Contemplative photography is about more than taking pictures, says Andy Karr. It’s about fully connecting with the visual richness of our lives.
There are two ways of seeing, and they perceive different types of objects. For simplicity’s sake, let’s call these sensory seeing and conceptual seeing. Sensory seeing perceives things that appear to our senses, and conceptual seeing perceives things that appear to the mind’s eye.
Here’s an example. You go into a restaurant for dinner and sit at a table by yourself. Instead of taking out your phone or a book, you look around at the other customers. You might see an old couple with their granddaughter sitting in a booth, a good-looking young man at a far table, and three expensively dressed women dining together near you.
Sensory seeing takes in the colors and textures of the environment—the sights, sounds, smells, tastes, and so on. All the rest of your experience is conceptual. You don’t see “grandparents” and “grandchildren,” only the visible forms of three people. “Good looking” and “expensively dressed” are not visible to the eye; they appear only to the thinking mind.
Sometimes we are completely engrossed in the conceptual realm and notice nothing of the sensory environment. At other times, we are thought-free and fully absorbed in sensory experience. Mostly the two are blended together and we are unclear about what we are actually experiencing. We don’t distinguish sensory objects from the things we think about, and this obscures our experience of the richness and natural beauty of the sensory world.
Contemplative photography trains you to see the world in fresh ways by distinguishing the sensory from the conceptual. It is a practice that brings out your natural ability to see clearly. It is also trains you to express what you see photographically. Both clear seeing and artistic communication are tremendously enriching.
The practice of contemplative photography makes use of the camera’s sensory-like abilities to help you tune into and communicate the beauty of the sensory world. Unlike living beings, cameras have only one way of seeing: they only make images of visible forms. They are blind to conceptuality. Therefore, you can use the camera to distinguish the two ways of seeing. It reveals when you are seeing clearly and when you are trying to make an image of your concepts.
The practice of contemplative photography can be divided into three steps:
1. Recognize Flashes of Perception
There are natural gaps in the flow of conceptuality. We call these moments “flashes of perception.” At these moments, sensory seeing is dominant and sensory experience just naturally shines through.
Flashes of perception are simple, vivid, and direct experiences. They are moments of clear seeing (or hearing, smelling, tasting, or touching). Learning to recognize and appreciate these moments of sense perception is the first step in practicing contemplative photography, as flashes of perception become the basis for making images.
You can’t fabricate flashes of perception because fabrication is the activity of conceptuality. But you need to make yourself available to these experiences when they naturally arise. You might have to let your mind settle a bit, but you don’t need to suppress anything that is arising in your mind. Let thoughts and feelings come and go, and look at the world in a relaxed way.
Here’s what recognizing a flash might be like. You’re in the kitchen, and your partner is doing the dishes while you put away the leftovers. Suddenly, you see sunlight from the side window illuminating a bright pattern on your partner’s back. You notice the colorful fabric of your partner’s fleece.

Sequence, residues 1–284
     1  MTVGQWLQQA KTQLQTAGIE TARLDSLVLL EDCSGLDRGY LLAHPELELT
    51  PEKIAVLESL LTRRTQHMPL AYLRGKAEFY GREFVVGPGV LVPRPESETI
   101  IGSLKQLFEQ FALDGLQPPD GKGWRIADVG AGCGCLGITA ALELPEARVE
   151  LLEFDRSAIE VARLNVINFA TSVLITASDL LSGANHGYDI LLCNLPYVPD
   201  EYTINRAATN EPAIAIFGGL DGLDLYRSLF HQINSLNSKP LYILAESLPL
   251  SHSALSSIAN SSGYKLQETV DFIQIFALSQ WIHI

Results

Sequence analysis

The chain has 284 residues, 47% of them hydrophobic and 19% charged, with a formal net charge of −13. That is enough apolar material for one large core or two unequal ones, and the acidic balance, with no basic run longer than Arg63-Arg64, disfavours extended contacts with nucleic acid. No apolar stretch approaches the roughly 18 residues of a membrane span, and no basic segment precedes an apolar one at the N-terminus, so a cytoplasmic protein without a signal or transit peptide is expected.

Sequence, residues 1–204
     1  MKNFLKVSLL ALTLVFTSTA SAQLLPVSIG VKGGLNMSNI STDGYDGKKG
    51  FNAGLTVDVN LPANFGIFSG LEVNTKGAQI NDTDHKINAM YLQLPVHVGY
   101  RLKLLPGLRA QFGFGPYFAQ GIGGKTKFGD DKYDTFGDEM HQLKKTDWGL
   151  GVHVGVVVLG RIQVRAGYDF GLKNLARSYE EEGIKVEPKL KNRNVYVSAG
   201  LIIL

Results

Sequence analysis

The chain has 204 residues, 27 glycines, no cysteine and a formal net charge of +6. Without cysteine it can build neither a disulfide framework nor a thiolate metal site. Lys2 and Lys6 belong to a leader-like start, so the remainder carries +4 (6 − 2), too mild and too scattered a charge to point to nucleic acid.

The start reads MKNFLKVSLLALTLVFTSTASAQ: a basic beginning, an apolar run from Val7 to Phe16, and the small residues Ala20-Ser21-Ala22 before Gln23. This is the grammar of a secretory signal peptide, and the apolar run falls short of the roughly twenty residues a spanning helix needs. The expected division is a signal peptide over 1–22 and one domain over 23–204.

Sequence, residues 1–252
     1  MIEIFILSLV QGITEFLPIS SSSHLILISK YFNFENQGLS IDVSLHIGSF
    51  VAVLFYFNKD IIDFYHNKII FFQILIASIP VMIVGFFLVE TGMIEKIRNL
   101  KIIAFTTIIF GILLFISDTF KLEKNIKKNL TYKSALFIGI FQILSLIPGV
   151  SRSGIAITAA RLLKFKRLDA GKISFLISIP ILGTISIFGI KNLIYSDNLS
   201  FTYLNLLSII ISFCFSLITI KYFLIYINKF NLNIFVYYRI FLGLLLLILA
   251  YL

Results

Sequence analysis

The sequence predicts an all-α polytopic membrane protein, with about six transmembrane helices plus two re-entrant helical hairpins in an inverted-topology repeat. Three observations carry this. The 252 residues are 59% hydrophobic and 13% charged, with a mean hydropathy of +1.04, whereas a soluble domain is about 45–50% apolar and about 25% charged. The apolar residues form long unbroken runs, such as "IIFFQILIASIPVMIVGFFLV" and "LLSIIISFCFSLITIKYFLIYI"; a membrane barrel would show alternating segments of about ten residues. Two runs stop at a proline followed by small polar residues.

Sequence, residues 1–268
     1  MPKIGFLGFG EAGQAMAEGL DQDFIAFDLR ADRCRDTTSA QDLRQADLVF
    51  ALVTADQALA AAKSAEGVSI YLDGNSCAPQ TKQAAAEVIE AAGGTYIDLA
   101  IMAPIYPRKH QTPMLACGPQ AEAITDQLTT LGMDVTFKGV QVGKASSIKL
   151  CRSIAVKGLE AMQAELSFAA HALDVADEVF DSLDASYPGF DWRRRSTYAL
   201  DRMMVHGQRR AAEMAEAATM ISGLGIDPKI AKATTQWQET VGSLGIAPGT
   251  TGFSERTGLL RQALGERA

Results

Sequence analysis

2. Discern the Qualities of the Perception
To communicate what you see powerfully and accurately, you need to be able to rest with the perception and not get diverted into conceptuality. Visual discernment, the second step in the practice of contemplative photography, is how you stay in the sensory mode by resting with the perception in an inquisitive way, without clinging to what you see.
Having seen the surprising richness of the light and the fabric, you might get excited by that discovery and start thinking about the fabulous picture you are going to take. Then suddenly you are back in the conceptual realm. Now’s the time to practice discernment.
Let go of the excitement and look further to determine the qualities of the perception. You might ask yourself, how much of your partner was included in the perception? Was their head included? How about the counter? Knowing the dimensions of the perception will help you determine the framing that will communicate exactly what you’ve seen.
Although it’s called discernment, this step is not particularly intellectual. It’s not a technical photographic analysis. You are not figuring anything out or evaluating things emotionally, nor are you reaching for your camera to capture anything. You are looking further at the perception to clarify what you see.
3. Form the Equivalent of the Perception
The third part of the practice of contemplative photography is called “forming the equivalent,” a term that comes from the great photographer Alfred Stieglitz.
A photograph and a perception are obviously different things, but your aim is to produce an image that is just the equivalent of what you see. You are not trying to make the photograph more interesting, more dramatic, or more anything.
You’ve experienced a rich flash of perception of light and color, and you’ve discerned what is included in the perception and what is not. Now you make an image that replicates what you have seen. You don’t need to add anything to the perception to make the photograph good, because the perception already embodies the richness and beauty of your experience. When you faithfully form the equivalent of your perception, the image will be able to convey this richness and beauty.